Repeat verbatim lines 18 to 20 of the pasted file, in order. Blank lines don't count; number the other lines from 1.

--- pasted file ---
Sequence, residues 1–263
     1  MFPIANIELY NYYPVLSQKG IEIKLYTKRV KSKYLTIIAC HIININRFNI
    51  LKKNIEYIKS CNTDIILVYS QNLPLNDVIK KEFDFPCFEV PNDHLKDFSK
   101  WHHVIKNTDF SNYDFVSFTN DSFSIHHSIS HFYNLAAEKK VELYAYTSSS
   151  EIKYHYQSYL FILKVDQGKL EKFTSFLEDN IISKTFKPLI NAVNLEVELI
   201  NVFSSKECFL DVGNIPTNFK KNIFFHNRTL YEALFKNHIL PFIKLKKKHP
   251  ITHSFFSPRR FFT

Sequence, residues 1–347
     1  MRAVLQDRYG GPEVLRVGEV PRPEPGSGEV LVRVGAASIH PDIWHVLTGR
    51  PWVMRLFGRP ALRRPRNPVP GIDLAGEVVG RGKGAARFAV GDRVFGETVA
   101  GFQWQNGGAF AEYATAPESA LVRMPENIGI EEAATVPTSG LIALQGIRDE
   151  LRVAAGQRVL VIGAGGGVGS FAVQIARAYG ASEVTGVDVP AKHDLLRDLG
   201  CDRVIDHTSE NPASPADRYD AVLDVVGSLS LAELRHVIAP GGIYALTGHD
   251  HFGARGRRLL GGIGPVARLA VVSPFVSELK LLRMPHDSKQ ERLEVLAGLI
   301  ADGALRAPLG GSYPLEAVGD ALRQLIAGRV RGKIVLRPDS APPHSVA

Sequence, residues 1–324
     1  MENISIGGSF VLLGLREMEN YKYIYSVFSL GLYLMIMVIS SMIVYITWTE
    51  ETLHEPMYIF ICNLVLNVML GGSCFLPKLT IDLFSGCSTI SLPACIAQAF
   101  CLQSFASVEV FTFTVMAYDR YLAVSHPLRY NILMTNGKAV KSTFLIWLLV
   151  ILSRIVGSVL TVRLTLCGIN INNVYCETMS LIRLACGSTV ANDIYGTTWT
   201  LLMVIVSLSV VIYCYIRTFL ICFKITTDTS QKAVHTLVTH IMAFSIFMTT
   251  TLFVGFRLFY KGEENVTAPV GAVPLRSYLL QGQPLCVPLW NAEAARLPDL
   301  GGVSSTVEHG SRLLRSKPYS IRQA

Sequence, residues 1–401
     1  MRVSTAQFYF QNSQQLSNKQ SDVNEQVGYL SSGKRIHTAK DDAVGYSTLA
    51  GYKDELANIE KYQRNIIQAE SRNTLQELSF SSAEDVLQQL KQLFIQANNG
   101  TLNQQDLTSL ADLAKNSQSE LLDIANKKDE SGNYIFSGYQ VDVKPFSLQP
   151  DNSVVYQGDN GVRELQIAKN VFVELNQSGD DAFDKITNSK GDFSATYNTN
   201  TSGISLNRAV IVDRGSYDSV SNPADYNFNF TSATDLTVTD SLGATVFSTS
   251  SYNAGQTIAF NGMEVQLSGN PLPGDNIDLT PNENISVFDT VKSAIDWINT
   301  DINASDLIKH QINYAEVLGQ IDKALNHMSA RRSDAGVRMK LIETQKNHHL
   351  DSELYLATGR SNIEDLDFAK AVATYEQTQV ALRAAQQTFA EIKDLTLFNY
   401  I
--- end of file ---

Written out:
    51  ETLHEPMYIF ICNLVLNVML GGSCFLPKLT IDLFSGCSTI SLPACIAQAF
   101  CLQSFASVEV FTFTVMAYDR YLAVSHPLRY NILMTNGKAV KSTFLIWLLV
   151  ILSRIVGSVL TVRLTLCGIN INNVYCETMS LIRLACGSTV ANDIYGTTWT